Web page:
Some gray areas The ICLS definition excludes some forms of work from official employment statistics. The employed are part of the economically active population, defined as people who contribute to “the production of goods and services as defined by the United Nations systems of national accounts and balances.”72 The system of national accounts (SNA) includes “all production actually destined for the market, whether for sale or barter,” as well as the production of goods for one’s own use, but “excludes all production of services for own final consumption within households.”73 This definition thus leaves out of official statistics activities such as child-rearing, care of the elderly, or home cooking, as well as traveling to work.


64

WO R L D D E V E LO P M E N T R E P O RT 2 0 1 3

Some countries are starting to develop estimates of these other types of activities. The SNA offers guidelines to countries for producing satellite accounts reflecting forms of household work that are not considered jobs. According to these guidelines, “a job can refer to unpaid household service and volunteer work performed by one person for a household outside the SNA production boundary but within the general production boundary.”74 Mexico, for instance, has used this guidance to estimate the value of unremunerated activities in households, such as housekeeping and child care. These activities represented nearly a quarter of Mexican GDP between 2003 and 2009 and were equivalent to about two-thirds of worker wages and benefits.75

BOX 1.5

Informality is another important gray area. After nearly four decades of debates about the concept of informality, there is still no consensus on what is meant by informal jobs. Some schools of thought link informality to characteristics of firms—whether the business is registered or pays taxes. Others focus on characteristics of workers—whether they are covered by social protection or have an employment contract. And yet others stress modes of production and levels of productivity to define informality. A consensus is starting to emerge on how to measure informality, but the definitions used still leave out types of work that some consider informal. Meanwhile, relatively few countries produce regular statistics on informality (box 1.5).

Few countries produce statistics on informality

The concept of dual economies has an old lineage.a Based on the recognition of dual economies and the Harris and Todaro two-sector model, the term informality was first coined by a U.K. anthropologist in a paper about Ghana. The concept gained popularity with a widely cited report from a mission of the International Labour Organization (ILO) to Kenya.b Since then, studies on informality have proliferated, and the concept has become standard in development studies, labor economics, and other disciplines. Today the causes and implications of informality are the subject of an intense academic debate and an extended research agenda aimed at understanding how labor markets function in developing countries.c A variety of approaches can be used to measure informality, informal employment, and the informal sector. Measurement becomes even more complex when informality is combined with other concepts like illegal and underground activities or nonstandard work. The lack of systematic country-level data on informality has led researchers to construct their own estimates using similar but not identical criteria, which sometimes lead to diverging conclusions. Recommendations on the measurement of informality were first drafted in 1993 by the 15th International Conference of Labour Statisticians (ICLS). Four years later, the United Nations created the Delhi Group to document and recommend methods for defining and collecting data on the informal sector. In 2003, the 17th ICLS, through the document “Guidelines Concerning a Statistical Definition of Informal Employment,” introduced a definition of informal employment and a series of rules for its measurement. Since 2006,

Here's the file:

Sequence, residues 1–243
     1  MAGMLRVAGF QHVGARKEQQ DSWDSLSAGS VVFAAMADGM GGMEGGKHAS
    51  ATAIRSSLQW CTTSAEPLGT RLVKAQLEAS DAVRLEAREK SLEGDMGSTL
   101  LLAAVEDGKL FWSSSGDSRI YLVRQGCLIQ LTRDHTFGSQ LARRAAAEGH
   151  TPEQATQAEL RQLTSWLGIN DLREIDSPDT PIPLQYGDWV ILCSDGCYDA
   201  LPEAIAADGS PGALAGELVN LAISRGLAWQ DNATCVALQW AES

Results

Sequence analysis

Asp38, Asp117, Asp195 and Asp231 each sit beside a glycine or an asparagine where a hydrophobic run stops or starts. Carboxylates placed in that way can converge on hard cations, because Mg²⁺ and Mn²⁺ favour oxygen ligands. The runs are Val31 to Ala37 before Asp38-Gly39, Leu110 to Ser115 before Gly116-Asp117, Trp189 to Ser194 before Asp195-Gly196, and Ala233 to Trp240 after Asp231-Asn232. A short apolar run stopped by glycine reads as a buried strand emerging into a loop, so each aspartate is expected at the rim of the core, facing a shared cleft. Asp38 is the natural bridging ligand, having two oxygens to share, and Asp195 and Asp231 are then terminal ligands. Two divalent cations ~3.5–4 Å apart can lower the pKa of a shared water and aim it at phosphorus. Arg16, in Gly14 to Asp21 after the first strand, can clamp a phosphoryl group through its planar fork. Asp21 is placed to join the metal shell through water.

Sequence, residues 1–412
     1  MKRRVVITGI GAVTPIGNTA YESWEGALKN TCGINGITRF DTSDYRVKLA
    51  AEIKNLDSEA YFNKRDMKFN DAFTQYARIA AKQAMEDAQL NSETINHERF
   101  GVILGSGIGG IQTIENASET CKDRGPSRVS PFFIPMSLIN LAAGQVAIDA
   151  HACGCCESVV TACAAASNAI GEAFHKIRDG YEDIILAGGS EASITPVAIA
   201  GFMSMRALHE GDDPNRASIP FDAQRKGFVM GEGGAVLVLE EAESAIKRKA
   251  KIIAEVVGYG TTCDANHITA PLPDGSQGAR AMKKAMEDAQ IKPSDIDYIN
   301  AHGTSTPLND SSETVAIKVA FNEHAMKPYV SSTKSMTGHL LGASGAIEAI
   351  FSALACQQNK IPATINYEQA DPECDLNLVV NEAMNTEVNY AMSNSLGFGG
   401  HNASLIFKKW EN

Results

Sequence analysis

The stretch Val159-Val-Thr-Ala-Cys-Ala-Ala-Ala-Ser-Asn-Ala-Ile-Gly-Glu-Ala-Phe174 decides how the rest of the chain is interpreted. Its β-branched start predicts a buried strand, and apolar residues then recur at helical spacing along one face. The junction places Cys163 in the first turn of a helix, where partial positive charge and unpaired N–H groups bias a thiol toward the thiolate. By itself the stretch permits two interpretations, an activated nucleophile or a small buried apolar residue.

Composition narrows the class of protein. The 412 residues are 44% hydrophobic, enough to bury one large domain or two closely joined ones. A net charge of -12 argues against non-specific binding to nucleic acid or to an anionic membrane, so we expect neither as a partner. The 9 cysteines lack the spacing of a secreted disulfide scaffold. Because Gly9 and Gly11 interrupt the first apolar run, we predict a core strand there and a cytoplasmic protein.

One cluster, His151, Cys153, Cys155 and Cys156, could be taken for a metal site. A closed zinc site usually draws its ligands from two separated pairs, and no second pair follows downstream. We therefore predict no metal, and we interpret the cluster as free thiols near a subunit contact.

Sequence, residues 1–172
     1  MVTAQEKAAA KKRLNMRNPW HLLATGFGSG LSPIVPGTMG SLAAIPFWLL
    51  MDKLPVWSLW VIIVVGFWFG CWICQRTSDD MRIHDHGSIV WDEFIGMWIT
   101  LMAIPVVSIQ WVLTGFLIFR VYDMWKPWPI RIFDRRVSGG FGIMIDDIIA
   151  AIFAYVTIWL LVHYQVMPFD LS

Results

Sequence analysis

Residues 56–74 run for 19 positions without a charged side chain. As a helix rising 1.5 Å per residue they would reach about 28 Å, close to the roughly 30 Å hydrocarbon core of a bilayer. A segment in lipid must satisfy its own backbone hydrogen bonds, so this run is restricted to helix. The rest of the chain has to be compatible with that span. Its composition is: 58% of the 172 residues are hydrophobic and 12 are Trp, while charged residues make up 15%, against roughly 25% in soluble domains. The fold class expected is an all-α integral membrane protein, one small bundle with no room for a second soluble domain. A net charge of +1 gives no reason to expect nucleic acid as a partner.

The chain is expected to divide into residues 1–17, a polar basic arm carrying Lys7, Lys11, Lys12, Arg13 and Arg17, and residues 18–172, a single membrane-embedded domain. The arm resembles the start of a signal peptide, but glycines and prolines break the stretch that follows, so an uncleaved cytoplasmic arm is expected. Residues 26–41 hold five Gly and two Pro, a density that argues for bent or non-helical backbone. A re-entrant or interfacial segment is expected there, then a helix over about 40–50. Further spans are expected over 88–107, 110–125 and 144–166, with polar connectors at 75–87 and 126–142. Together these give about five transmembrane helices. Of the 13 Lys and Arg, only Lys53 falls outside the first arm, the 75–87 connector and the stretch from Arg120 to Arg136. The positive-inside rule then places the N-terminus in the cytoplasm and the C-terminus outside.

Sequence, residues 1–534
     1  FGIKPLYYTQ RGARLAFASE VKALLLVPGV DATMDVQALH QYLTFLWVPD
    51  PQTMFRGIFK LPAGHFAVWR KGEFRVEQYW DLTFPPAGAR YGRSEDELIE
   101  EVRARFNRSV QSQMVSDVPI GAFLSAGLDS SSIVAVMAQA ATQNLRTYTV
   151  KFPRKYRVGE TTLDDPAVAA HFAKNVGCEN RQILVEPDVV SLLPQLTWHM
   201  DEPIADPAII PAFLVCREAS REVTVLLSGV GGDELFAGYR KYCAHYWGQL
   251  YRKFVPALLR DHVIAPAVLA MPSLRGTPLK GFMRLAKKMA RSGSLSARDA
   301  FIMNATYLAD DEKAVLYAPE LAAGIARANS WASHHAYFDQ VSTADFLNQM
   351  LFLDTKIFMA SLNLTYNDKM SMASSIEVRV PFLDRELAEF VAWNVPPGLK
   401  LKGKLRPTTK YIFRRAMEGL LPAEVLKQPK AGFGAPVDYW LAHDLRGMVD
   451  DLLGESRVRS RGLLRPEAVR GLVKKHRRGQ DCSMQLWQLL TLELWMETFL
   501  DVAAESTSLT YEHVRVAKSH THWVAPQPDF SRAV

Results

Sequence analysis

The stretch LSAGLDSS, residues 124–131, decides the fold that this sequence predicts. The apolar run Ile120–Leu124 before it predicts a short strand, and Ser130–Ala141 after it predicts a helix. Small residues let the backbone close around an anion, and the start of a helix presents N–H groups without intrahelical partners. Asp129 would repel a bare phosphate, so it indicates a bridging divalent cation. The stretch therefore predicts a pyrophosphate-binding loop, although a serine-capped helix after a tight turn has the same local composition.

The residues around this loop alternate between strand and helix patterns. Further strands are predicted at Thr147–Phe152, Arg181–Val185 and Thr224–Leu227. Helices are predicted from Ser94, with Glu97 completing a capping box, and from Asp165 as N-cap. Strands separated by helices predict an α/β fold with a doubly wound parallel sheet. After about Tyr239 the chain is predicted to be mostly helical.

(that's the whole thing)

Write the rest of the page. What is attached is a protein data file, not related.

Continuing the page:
the Delhi Group has been working with the ILO on a forthcoming “Manual of Surveys of Informal Employment and Informal Sector.” In 2008, the newest version of the United Nation’s system of national accounts adopted most of the previous resolutions and recommendations on the measurement of informality. That resulted in a broad definition that includes both the informal sector and informal employment. However, gray areas remain in relation to activities such as farming, independent professionals, and activities among rural workers in general. Few countries produce regular official statistics on informality. The dearth of data is apparent in global repositories such as the ILO’s Key Indicators of the Labor Market database, which, in its most recent version, includes data on informality for only 60 countries.d A report on informality across the world by the ILO and Women in Informal Employment: Globalizing and Organizing (WIEGO) makes systematic use of the most thorough definition of informality, covering informal employment and employment in informal firms, to present data on 47 countries.e The ILO-WIEGO report shows informality rates ranging from 40 percent in Uruguay and 42 percent in Thailand to 75 percent in Bolivia and 80 percent in India. The extent of informality varies with differences in productivity across firms and workers, as well as with differences in the nature of regulations and the degree to which they are enforced. Whether informality is the result of exit, exclusion, uneven enforcement, or low firm productivity is still a matter of debate. Better measurement can provide information on the magnitude of informality and provide more data for the advancement of studies in this area.